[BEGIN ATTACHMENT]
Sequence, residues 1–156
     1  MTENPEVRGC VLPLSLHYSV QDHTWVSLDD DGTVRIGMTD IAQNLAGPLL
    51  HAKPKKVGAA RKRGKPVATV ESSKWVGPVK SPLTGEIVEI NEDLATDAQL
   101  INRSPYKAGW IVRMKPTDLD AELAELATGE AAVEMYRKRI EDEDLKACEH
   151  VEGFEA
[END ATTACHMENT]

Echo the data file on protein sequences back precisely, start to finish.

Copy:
Sequence, residues 1–156
     1  MTENPEVRGC VLPLSLHYSV QDHTWVSLDD DGTVRIGMTD IAQNLAGPLL
    51  HAKPKKVGAA RKRGKPVATV ESSKWVGPVK SPLTGEIVEI NEDLATDAQL
   101  INRSPYKAGW IVRMKPTDLD AELAELATGE AAVEMYRKRI EDEDLKACEH
   151  VEGFEA